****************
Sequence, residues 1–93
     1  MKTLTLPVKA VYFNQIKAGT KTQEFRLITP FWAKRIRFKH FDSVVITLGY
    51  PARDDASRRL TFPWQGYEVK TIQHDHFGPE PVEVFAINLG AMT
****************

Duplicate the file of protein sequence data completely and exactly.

Sequence, residues 1–93
     1  MKTLTLPVKA VYFNQIKAGT KTQEFRLITP FWAKRIRFKH FDSVVITLGY
    51  PARDDASRRL TFPWQGYEVK TIQHDHFGPE PVEVFAINLG AMT